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Lure of Easy Revenue Can Distract Banks from Strategic Risks

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Banks are struggling with macro headwinds and regulatory changes that have structurally changed their value proposition. They face continued slow growth, margin pressure and higher regulatory-related expenses.

Many banks are unable to earn sufficient returns on equity to cover their cost of equity. Consequently, valuation multiples remain depressed. Institutions are searching to diversify revenue sources to reduce vulnerability to a prolonged downturn affecting their profitability.

Federal Reserve actions since 2007 have neutered the old spread profit model with near zero interest rates. This is expected to extend into 2015. The expectation has compressed margins and destroyed deposit franchise values. Value is no longer just in the deposit base. It has moved into the ability to grow assets and deliver more products to existing customers. Also, profitability has shifted to consolidation instead of organic growth.

This development gives rise to increased strategic risk. Strategic risk concerns an institution's long-term ability to survive due to the incompatibility of its strategy and resources with industry changes. There are numerous examples of unnoticed fatal strategic risk. Examples include Lehman Brothers, MF Global, WaMu and Wachovia. These institutions failed to consider risk as an input into strategy. Rather, it became an unintended consequence because it is not initially reflected in the income statement. Furthermore, their strategies were inflexible. They were designed only to work in the then-existing state of world. When that state changed, they were unable to adjust.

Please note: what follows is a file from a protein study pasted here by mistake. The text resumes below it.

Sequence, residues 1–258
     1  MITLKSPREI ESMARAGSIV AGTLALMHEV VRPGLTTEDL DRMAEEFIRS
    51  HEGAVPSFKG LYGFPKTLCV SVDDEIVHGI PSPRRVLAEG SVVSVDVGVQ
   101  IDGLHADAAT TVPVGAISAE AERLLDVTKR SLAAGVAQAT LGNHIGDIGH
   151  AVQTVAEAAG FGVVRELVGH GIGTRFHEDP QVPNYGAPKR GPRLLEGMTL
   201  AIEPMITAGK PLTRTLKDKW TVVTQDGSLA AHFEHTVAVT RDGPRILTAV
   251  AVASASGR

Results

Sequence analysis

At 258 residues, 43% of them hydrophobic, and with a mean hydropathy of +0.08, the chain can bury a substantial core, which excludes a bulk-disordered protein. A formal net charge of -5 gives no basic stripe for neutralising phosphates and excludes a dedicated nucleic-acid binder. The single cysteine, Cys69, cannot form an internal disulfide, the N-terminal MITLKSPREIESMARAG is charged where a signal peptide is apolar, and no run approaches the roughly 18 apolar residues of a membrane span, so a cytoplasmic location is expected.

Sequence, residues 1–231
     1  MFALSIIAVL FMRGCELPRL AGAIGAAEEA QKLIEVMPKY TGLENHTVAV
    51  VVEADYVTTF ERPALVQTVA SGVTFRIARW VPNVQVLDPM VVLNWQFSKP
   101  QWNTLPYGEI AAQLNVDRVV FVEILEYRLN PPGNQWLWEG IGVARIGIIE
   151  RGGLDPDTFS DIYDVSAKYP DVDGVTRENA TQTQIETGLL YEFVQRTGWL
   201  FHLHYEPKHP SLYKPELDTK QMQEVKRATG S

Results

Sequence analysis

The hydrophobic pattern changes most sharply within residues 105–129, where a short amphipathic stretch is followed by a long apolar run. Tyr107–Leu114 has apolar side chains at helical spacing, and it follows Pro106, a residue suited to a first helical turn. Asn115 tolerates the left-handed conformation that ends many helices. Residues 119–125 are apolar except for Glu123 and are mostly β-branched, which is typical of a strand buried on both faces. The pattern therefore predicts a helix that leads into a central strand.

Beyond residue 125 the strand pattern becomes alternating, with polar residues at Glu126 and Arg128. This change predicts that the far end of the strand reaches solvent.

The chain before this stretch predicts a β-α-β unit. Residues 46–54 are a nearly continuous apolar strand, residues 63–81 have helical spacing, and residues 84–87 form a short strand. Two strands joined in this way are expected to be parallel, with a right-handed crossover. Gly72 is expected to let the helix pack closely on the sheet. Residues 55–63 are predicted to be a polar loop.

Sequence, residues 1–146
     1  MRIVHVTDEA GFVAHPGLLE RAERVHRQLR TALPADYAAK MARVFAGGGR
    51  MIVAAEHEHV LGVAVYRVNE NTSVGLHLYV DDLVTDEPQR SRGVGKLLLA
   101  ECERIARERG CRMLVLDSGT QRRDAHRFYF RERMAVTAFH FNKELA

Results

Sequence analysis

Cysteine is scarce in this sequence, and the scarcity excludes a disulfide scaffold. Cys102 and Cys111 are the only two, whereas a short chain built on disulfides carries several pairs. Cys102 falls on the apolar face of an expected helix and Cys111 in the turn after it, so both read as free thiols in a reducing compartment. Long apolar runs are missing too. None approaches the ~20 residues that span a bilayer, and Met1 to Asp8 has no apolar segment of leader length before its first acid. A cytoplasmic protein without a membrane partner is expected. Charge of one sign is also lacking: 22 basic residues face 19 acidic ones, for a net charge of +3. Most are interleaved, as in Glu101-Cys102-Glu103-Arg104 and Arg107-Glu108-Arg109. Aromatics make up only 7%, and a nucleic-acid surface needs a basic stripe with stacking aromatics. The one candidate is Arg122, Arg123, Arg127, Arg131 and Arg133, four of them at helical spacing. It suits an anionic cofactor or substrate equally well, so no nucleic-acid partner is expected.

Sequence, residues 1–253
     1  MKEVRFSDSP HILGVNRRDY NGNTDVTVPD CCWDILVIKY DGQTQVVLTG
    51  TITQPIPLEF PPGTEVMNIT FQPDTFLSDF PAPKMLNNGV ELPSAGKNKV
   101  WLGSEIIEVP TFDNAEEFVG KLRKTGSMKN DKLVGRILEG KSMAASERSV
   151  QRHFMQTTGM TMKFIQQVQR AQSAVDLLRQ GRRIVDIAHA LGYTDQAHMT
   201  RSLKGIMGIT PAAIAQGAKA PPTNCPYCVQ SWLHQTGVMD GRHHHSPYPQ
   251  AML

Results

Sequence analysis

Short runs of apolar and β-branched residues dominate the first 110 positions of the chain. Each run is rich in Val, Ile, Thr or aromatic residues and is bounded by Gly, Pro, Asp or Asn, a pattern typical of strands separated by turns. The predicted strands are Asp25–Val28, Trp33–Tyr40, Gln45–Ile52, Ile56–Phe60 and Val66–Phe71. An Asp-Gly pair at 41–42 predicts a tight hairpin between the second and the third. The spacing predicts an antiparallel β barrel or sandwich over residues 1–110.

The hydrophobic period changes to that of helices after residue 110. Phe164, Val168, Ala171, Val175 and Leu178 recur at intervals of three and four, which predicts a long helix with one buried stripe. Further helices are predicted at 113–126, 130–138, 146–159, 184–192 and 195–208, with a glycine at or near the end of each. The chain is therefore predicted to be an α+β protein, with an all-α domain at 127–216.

Strategic risk is likely to increase as banks search for new revenue sources. Some may be tempted to gamble for redemption by expanding into risky areas in which they lack the skills to manage.

The basic problem is management targets return – not risk. The traditional response to a declining core business is to take more risk in the pursuit of nominal income. Return, however, is where risk is located. This leads to a vicious circle of herding into current popular areas like equipment leasing, commercial and industrial loans and wealth management with a predictable erosion of margins and underwriting standards. An escalation of commitment usually follows.

A framework is needed to manage the risk profile inherent in strategy and business model changes consistent with an organization's risk tolerance and capital structure. The board of directors needs to set the strategic direction, risk tolerance and then monitor management to ensure they follow the board's wishes.

A key component of this framework is to improve the profitability of the legacy business lines. Otherwise, resource demands will expose the bank to new risks it is unable to manage. You cannot transform fast enough to offset the continued deterioration of your historical core business units. This would involve shrinking these businesses to a defensible core based on the institution's identifiable competitive advantage.

Evaluating new strategic initiatives starts with the review of new markets the bank seeks to enter. The bank needs an identifiable competitive advantage to succeed against expected competitors. If you cannot beat them, then why join them?

A realistic risk assessment is also required of the risks the bank is willing and able to accept in the pursuit of its strategic initiatives. Next, a capital plan is required to raise the capital to fund the new risk exposure and be compatible with regulatory expectations. The institution also must ensure that it has the necessary skills to manage the risk involved. Finally, capital must be allocated to business units consistent with risk and strategic considerations.

Strategic risk management demands the involvement of active board of directors. This involves balancing the need for managerial experimentation grounded in facts against delusional adventures. They must pay particular attention to large scale transformational changes not based on identifiable competitive advantages. Such actions usually contain hidden exposures to remote risk.

Equally important is to avoid a change if you lack the ability or resources to implement it successfully. Instead, consider accepting low growth, managing the institution for cash and returning the excess capital to shareholders. Alternatively, you can find a strategic partner with whom you can merge.

Not everyone can or should transform. Everyone must, however, adapt to the changed industry environment. The industry is unlikely to return to the way it used to be anytime soon.

J.V.Rizzi is a banking industry consultant and investor.

 

 

 

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